The Washington Post
Public or Private Space? Line Blurs in Silver Spring
In just seven years, the new downtown Silver Spring has become a bustling restaurant scene, a business center and a public gathering spot popular with all ages.
Except maybe we should reconsider the “public” part.
Chip Py, a longtime resident of Silver Spring, recently returned to an old interest in photography. While wandering through downtown after eating lunch there last week, he took out his camera and started to take shots of the contrast between the tops of the office buildings and the sparkling blue sky.
Within seconds, a private security guard was at Py’s side, informing him that picture-taking is not permitted, no explanation given.
“I am on a city street, in a public place,” Py replied. “Taking pictures is a right that I have, protected by the First Amendment.”
The guard sent Py to the management office of the Peterson Cos., the developer that built the new downtown. There, marketing official Stacy Horan told Py that although Ellsworth Drive — where many of the downtown’s shops and eateries are located — may look like a public street, it is actually treated as private property, controlled by Peterson.
“I couldn’t believe it,” says Py, 43, who knew through his old sales job that Montgomery County had made a huge public investment in the new downtown. County tax dollars accounted for
$100 million of the $400 million it took to transform the area. “There’s all kinds of county activities there, promoted by county money. How could this be private?”
The same question bothers County Council member Marc Elrich. “Considering the county paid for it, it ought to be a public space,” he says. “We invest a lot of police time and county resources there.”
But Elrich says Peterson insists on treating downtown Silver Spring as if it were an indoor mall. They set and enforce rules that would never pass legal muster on a public street. Political candidates have been stopped from handing out fliers. And photographers such as Py are regularly stopped and told to move along.
That is Peterson’s right, says Gary Stith, director of the county government’s office in Silver Spring. “It’s like any other shopping center,” he says. “The street was vacated by the county and is leased to the developer. We wanted them to maintain and manage the area.”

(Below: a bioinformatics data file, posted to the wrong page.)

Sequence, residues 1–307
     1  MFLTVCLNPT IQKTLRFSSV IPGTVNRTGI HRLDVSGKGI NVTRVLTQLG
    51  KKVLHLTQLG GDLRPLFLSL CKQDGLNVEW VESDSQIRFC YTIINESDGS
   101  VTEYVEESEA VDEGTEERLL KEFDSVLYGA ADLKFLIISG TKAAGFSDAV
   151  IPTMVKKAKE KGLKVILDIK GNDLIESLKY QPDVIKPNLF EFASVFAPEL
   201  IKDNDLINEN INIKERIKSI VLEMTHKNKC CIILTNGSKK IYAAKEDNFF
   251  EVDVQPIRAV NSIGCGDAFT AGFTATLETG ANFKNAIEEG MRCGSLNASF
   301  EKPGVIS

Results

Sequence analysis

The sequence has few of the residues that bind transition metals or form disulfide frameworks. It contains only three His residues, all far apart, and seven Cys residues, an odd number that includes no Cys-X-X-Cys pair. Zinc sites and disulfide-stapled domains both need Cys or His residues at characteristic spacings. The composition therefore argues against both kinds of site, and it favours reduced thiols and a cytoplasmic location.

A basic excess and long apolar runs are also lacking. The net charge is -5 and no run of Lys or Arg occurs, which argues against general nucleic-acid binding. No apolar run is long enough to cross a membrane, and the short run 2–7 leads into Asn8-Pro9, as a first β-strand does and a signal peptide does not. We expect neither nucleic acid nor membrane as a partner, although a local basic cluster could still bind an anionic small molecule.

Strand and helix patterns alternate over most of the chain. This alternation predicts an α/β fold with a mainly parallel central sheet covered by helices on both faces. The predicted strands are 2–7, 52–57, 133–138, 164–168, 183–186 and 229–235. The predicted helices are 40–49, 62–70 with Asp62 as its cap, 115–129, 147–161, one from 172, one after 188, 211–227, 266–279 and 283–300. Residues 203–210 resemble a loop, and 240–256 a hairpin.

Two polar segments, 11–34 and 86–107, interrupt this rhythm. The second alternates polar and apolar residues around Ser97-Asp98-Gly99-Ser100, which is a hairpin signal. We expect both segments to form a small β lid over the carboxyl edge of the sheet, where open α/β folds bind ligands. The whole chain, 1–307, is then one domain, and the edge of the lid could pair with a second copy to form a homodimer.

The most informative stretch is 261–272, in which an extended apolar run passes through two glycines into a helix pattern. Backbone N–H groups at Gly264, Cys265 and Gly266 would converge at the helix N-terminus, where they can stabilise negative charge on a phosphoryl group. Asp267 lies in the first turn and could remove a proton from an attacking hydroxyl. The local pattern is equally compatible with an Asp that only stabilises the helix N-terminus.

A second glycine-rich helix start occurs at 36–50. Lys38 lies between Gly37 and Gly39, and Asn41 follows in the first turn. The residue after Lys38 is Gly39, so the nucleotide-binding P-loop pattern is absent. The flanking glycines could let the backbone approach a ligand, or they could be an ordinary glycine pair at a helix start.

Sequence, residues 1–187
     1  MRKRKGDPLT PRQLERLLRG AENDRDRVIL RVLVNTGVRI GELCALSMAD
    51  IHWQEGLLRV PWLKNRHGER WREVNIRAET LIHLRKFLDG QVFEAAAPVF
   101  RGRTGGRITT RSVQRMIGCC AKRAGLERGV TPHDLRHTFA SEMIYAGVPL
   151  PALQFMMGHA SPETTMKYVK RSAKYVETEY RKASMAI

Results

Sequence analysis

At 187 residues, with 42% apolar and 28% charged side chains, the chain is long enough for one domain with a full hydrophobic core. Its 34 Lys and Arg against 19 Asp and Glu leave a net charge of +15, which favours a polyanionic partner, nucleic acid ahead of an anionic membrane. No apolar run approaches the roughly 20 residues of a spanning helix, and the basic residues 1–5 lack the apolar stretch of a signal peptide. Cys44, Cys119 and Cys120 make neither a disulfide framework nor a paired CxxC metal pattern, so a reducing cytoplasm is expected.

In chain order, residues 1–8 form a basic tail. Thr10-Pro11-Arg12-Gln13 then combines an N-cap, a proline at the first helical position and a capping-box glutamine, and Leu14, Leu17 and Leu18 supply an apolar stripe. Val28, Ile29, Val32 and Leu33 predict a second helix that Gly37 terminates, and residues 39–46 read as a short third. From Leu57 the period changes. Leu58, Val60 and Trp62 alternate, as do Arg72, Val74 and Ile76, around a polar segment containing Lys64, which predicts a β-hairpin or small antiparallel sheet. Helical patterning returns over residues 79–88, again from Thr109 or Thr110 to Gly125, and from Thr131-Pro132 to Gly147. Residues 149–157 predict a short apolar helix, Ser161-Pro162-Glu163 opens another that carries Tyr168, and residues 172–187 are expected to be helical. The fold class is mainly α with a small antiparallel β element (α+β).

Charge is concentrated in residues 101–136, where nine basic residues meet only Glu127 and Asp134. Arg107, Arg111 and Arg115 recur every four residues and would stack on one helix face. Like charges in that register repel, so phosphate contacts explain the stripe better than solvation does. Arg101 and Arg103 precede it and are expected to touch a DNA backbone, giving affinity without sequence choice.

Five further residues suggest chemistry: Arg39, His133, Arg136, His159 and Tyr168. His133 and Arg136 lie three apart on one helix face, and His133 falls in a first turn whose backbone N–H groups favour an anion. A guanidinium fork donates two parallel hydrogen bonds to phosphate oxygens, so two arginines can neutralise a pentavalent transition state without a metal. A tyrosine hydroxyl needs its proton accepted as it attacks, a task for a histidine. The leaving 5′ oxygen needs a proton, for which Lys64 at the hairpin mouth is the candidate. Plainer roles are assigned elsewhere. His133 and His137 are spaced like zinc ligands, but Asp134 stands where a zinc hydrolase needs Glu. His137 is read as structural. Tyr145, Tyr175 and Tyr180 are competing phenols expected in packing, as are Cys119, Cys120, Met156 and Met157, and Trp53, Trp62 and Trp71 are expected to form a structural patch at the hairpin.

County law does require the developer to give the public access to the downtown, “but access and management are two different things,” Stith says.
He tells me the developer is “reviewing its policy” on permitting photography. Three Peterson executives did not return my repeated calls, but the company’s marketing director, Kathy Smith, sent an e-mail saying that its “policy will remain in place and is a standard operating procedure supporting the safety and security of the property and its customers.”
Py doesn’t object to reasonable security measures; when county police stopped him to ask why he was taking pictures on the roof of a Wheaton parking garage at midnight, “I was cool with that — they just checked me out, as they should, and they let me keep taking pictures.”
But Peterson’s motives go beyond security. “Like any business, Downtown Silver Spring’s management maintains the right to approve any videotaping, filming or photography taking place on the property,” Smith’s statement reads. “It is in our best interest to understand how footage and photos are going to be used.”
It might also be in the developer’s best interest to understand whether I am going to spend money in their shops or I’m just taking a walk through downtown, but that doesn’t give them the right to stop me to find out.
Public access to semipublic places is one of the most volatile issues in the law. While the U.S. Supreme Court has ruled that the right to free expression does not extend to a privately owned shopping center, the court also decided that company towns may not restrict the distribution of religious literature. And in a decision allowing union members to picket in a shopping center, the court said that right would be unquestionable “if the shopping-center premises were not privately owned but instead constituted the business area of a municipality.”
Of course, that’s the case on Ellsworth Drive, which appears to casual visitors as a public street.
In the end, Peterson granted Py permission to take pictures, which he posted on Flickr.com’s D.C. neighborhoods page, where amateur photographers display area scenes.
“But you shouldn’t have to go get permission to take pictures,” Elrich says. “We created the downtown to be a public space, and it ought to be run like a public space.” Join me at noon today for “Potomac Confidential” at www.washingtonpost.com/liveonline.